Cineworld’s Chapter 11 bankruptcy woes may be at an end sooner than anyone was expecting, with a new projected dateline of the middle of 2023. Despite this more positive news, the possibility of a sale for either the group or a portion of its assets are still on the table. Entertainment attorney with Blkae & Wang P.A, Brandon Blake, unpacks what we know to date.

European Exit

The owners of the Regal theater group in the US, Cineworld is also the world’s second-largest exhibition chain. With their recently revealed reorganization plan now formally presented to the courts, an emergence from their current Chapter 11 bankruptcy proceedings is looking likelier than ever. The only potential delay? Ongoing sales transactions for the group, which could see proceedings stretch past that mid-year deadline.

Are they still interested in a buyout? Unless a bidder comes to the table with a bid ‘significantly in excess of the value established under the proposed restructuring,’ it seems not. For their UK, Irish, and American operations, at least. Regarding the rest of the world? It’s a maybe.

Court Approval Awaited

Under the terms of the new agreement, the company’s debt will be reduced by $4.53B, achieved in the most part by equity deals for lenders willing to release their claims. Of these lenders, those who have already agreed to the restructuring process account for almost 85% of the company’s term loans, which should hold a lot of power with the courts. Interestingly, the terms of the proposed reorganization offers no recovery/relief options for their stockholders. This is in marked contrast to AMC, which we have recently seen offer a full restructuring of their stock options in order to stave off finding themselves in the same boat as Cineworld is currently.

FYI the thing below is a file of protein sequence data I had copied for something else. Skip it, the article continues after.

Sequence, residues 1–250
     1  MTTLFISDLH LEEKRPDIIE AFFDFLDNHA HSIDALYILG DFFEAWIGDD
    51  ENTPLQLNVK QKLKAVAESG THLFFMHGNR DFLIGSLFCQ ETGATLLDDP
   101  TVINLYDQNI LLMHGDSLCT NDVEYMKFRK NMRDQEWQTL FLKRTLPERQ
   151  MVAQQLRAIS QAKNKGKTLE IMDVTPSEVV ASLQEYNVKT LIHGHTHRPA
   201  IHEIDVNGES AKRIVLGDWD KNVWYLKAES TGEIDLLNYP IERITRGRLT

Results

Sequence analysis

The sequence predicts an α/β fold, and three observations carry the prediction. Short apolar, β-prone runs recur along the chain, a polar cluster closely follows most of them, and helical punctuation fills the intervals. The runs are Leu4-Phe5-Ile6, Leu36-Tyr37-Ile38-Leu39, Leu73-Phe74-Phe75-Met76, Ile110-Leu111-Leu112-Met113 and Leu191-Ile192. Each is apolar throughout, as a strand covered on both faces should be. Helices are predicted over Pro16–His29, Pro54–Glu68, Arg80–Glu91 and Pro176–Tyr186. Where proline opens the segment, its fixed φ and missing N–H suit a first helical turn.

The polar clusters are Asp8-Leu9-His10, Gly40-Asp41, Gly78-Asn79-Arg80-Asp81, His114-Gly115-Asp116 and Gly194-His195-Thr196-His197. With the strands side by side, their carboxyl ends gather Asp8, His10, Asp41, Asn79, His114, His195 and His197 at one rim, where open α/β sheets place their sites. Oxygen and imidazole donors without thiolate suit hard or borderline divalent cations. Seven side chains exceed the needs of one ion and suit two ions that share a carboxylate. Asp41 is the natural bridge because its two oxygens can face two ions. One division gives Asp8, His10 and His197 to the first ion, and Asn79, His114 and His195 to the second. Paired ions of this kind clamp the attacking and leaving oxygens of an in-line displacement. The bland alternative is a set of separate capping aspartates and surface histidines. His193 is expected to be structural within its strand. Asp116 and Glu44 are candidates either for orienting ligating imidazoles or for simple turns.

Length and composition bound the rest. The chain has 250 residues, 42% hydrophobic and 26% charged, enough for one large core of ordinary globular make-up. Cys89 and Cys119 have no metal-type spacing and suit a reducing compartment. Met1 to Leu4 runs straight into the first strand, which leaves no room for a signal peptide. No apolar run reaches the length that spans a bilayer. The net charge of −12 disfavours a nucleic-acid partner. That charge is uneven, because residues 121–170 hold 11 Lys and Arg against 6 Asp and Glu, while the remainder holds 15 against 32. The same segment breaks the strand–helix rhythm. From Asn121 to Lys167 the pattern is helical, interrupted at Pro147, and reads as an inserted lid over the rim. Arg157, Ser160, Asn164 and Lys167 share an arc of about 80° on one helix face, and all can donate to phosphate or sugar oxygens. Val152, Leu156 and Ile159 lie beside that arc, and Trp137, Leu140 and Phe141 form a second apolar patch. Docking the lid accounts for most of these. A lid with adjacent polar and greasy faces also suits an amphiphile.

For now, it will remain business as usual for Cineworld globally, including the Picture House, Regal, Planet, and Cinema City offshoot chains. One intriguing question we have not seen answered to date is what the new restructuring deal will mean for those Regal cinemas which were supposed to be shuttered in increments through the start of the year. As we’ve seen, however, many of the locations selected for closure are, indeed, continuing to accept new films and sell tickets both. We can only assume that in many of these cases, re-brokered deals with the landlords have offered enough relief for trade to continue. After all, there’s not much else you can do with a shuttered cinema other than market it as such, so it’s easy to see why retaining a long-term tennant would be in their interests.

While there’s still a long, hard road ahead, and it will be bitterly dependent on an increased slate allowing for a full box office recovery to happen in the next 2 years, it’s at least a lot of good news for the exhibition industry as a whole, as well as Cineworld itself. The less disruptions within the industry, particularly from the frantic selling off of assets for such a large chain, the better for everyone.

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